Despite your understandable and probably entirely justified fear that the success of a show about a time-traveling ham radio will lead to a painful rash of sequels about time-traveling toaster-ovens and Waring blenders, Frequency is not so bad. The paradoxes of time-travel, though familiar to anybody with even a passing acquaintance with sci fi, are artfully woven in, and List is quite appealing as a daughter remaking her long-held image of a father she hardly knew. Full Review
  • Robert Bianco

    Frequency is a much smaller story [than NBC's Timeless]: a daughter trying to save her father without endangering everyone else around them. It's a good story, but in essence, it feels very much like a movie story--which is exactly what it was. Whether it can work as a TV story, only time will tell.

    USA Today Full Review
  • Allison Keene

    List is earnest in her role, and manages to make the stranger aspects of the show’s time travel and inter-dimensional plot points feel grounded.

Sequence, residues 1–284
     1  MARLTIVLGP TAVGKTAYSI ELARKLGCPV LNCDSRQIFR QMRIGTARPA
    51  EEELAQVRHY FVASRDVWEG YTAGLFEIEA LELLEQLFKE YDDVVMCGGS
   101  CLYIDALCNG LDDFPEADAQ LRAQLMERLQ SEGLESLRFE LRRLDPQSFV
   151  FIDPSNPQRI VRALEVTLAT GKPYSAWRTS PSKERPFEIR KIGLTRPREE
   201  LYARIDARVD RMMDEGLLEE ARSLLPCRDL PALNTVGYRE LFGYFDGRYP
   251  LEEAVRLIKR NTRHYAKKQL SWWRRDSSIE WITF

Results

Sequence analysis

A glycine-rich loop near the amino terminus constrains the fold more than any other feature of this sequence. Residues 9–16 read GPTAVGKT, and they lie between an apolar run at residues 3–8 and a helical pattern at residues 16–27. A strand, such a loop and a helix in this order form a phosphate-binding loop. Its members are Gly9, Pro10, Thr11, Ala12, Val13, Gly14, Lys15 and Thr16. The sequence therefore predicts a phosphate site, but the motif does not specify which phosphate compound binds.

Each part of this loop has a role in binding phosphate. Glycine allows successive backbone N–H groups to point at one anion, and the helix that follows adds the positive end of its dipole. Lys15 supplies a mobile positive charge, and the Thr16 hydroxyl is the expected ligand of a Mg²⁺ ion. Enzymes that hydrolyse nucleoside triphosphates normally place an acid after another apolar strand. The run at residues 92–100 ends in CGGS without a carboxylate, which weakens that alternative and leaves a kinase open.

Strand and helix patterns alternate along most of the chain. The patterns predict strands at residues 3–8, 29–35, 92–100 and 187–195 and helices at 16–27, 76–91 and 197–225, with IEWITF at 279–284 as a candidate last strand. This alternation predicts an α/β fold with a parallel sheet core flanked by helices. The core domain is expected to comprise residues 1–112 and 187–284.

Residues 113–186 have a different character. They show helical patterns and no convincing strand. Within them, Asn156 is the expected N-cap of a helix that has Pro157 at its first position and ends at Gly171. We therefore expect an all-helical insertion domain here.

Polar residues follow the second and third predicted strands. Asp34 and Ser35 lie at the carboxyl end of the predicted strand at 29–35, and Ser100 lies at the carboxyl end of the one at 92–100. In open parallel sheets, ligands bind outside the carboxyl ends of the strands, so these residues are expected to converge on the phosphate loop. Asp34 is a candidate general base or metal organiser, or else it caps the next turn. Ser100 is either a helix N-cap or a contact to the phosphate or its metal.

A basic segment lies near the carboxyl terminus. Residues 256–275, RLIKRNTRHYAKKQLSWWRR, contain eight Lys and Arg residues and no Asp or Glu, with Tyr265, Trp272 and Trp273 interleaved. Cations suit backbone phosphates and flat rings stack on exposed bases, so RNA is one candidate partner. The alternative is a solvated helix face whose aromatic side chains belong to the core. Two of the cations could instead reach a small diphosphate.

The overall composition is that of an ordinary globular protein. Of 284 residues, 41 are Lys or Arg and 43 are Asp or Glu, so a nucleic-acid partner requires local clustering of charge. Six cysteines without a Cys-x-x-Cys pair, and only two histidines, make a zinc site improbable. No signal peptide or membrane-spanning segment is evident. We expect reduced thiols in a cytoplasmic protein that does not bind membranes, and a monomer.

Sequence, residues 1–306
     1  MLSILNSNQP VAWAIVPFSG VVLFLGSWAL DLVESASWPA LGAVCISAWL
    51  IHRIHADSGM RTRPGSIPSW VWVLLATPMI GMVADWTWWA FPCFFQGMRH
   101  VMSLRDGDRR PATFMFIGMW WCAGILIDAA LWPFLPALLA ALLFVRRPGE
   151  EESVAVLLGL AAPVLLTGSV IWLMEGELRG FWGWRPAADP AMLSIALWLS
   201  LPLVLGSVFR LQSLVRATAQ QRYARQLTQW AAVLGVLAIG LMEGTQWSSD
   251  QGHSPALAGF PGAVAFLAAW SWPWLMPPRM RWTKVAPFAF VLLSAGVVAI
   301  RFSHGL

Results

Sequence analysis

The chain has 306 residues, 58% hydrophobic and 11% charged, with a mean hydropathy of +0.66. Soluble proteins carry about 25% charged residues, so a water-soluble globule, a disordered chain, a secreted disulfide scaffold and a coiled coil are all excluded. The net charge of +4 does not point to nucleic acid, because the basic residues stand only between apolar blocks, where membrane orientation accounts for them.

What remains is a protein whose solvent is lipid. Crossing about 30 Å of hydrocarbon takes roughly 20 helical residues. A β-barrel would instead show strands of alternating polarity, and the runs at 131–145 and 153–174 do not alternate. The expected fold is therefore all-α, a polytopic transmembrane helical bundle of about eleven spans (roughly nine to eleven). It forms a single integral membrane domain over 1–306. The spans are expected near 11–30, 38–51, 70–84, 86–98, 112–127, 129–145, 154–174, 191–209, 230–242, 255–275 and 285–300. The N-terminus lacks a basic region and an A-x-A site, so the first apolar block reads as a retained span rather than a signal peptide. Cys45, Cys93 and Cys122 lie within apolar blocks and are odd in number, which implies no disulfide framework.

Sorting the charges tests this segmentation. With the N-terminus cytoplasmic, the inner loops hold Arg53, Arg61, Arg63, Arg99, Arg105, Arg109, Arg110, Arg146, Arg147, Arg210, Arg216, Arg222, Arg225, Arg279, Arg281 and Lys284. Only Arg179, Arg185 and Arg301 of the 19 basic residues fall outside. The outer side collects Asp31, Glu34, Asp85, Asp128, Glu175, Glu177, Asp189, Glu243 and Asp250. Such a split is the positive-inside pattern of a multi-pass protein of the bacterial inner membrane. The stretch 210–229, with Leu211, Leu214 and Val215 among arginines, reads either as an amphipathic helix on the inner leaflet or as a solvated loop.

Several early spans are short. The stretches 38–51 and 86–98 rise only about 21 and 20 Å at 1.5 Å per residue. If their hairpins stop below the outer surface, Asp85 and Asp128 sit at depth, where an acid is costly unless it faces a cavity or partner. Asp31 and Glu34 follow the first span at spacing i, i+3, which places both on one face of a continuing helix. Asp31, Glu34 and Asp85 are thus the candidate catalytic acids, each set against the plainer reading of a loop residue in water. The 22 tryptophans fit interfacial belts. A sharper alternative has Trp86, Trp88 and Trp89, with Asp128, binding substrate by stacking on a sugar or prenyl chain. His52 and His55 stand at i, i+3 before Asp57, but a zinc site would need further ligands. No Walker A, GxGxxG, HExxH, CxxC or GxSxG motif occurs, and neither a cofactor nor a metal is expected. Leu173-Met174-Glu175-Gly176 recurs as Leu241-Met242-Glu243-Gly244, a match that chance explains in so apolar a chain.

Collider Full Review
  • Mark A. Perigard

    Those familiar with the source material will recognize the pilot is essentially the first two-thirds of the film. Some convincing performances from Smith and List get Frequency humming. But that’s just not enough buzz.

    Boston Herald Full Review
  • Erik Adams

    Frequency’s vintage equipment is missing its spark of life.

    The A.V. Club Full Review
  • Matthew Gilbert

    The movie moved me, but the show feels like it’s going to wear thin after the setup in the pilot.

    Boston Globe Full Review
  • Scott D. Pierce

    The movie wasn't that great. It was just sort of OK. The series seems to be in pretty much the same territory.

    The Salt Lake Tribune Full Review
  • Matt Zoller Seitz

    It’s heartfelt and likable, but doesn’t quite justify its existence.

    New York Magazine (Vulture) Full Review
  • Maureen Ryan

    The characters and relationships are never specific or resonant enough to make the attempted blending of family drama, time travel series, and cop show memorable, or, perhaps more importantly, as addictive as the several other smart hybrid programs on the CW.

    Variety Full Review
  • Meredith Blake

    It is an unabashedly hokey affair with an inherently seductive premise. The problem is that Frequency is too generic to make the sentiment work.

    Los Angeles Times Full Review
Episode Guide For Show: Frequency